A killing field from the day the dinosaurs died

Cretaceous inundation

Scientists say a meteor impact 66 million years ago generated a tsunami-like wave in an inland sea that killed and buried fish, mammals, insects and a dinosaur. (Illustration courtesy of Robert DePalma)

First, there was a violent shock. Then, there was the roar of a 30-foot-high wave of water, throwing fish onto a sandbar in what is now North Dakota. Then there was a hail of molten rock, pelting dying fish and soon-to-be-dying land creatures. Then the fires began.

That’s how the doom of the dinosaurs began, nearly 66 million years ago, according to a study to be published in the Proceedings of the National Academy of Sciences next week.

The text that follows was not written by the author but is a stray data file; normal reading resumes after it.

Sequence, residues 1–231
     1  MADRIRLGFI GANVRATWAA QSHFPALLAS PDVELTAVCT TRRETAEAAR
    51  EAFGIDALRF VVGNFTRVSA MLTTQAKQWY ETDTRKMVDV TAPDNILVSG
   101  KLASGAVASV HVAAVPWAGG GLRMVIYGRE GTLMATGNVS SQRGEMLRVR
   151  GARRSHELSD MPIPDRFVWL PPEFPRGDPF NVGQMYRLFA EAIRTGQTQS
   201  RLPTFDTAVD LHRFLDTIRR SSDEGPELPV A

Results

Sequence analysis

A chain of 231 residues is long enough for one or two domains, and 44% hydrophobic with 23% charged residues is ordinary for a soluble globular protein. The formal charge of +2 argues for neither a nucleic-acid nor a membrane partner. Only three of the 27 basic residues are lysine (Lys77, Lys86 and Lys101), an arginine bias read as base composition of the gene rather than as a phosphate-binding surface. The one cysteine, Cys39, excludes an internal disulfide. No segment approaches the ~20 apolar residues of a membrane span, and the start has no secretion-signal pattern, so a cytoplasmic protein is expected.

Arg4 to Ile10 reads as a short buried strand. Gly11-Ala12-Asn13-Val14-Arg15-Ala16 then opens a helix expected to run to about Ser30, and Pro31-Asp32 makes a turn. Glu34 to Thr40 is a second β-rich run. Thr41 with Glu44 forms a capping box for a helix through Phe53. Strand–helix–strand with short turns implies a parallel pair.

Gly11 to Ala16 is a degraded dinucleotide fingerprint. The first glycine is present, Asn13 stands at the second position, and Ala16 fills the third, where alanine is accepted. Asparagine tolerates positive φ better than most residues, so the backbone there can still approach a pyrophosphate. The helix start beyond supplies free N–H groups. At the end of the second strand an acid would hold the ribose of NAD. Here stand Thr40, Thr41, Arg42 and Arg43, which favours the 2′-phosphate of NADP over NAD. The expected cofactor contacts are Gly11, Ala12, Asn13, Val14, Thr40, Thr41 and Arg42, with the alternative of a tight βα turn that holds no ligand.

Get the full story on GeekWire.

About Alan Boyle

Aerospace and science editor for GeekWire, creator of Cosmic Log, author of "The Case for Pluto: How a Little Planet Made a Big Difference," president of the Council for the Advancement of Science Writing. Check out "About Alan Boyle" for more fun facts.
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